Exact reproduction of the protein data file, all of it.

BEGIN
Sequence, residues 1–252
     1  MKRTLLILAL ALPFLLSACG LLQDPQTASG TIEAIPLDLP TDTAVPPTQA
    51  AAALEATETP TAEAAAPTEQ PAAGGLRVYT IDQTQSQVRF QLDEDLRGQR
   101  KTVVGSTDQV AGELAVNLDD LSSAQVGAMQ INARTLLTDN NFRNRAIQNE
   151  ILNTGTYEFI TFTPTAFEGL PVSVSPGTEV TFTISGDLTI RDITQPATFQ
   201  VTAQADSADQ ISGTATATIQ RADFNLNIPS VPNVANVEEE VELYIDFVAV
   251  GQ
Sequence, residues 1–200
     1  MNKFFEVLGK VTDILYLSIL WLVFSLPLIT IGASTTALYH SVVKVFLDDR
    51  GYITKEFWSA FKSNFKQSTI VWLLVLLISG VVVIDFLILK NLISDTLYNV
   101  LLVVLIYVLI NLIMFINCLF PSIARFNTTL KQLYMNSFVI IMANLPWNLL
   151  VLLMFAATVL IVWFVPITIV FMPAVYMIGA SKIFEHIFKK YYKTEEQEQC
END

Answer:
Sequence, residues 1–252
     1  MKRTLLILAL ALPFLLSACG LLQDPQTASG TIEAIPLDLP TDTAVPPTQA
    51  AAALEATETP TAEAAAPTEQ PAAGGLRVYT IDQTQSQVRF QLDEDLRGQR
   101  KTVVGSTDQV AGELAVNLDD LSSAQVGAMQ INARTLLTDN NFRNRAIQNE
   151  ILNTGTYEFI TFTPTAFEGL PVSVSPGTEV TFTISGDLTI RDITQPATFQ
   201  VTAQADSADQ ISGTATATIQ RADFNLNIPS VPNVANVEEE VELYIDFVAV
   251  GQ
Sequence, residues 1–200
     1  MNKFFEVLGK VTDILYLSIL WLVFSLPLIT IGASTTALYH SVVKVFLDDR
    51  GYITKEFWSA FKSNFKQSTI VWLLVLLISG VVVIDFLILK NLISDTLYNV
   101  LLVVLIYVLI NLIMFINCLF PSIARFNTTL KQLYMNSFVI IMANLPWNLL
   151  VLLMFAATVL IVWFVPITIV FMPAVYMIGA SKIFEHIFKK YYKTEEQEQC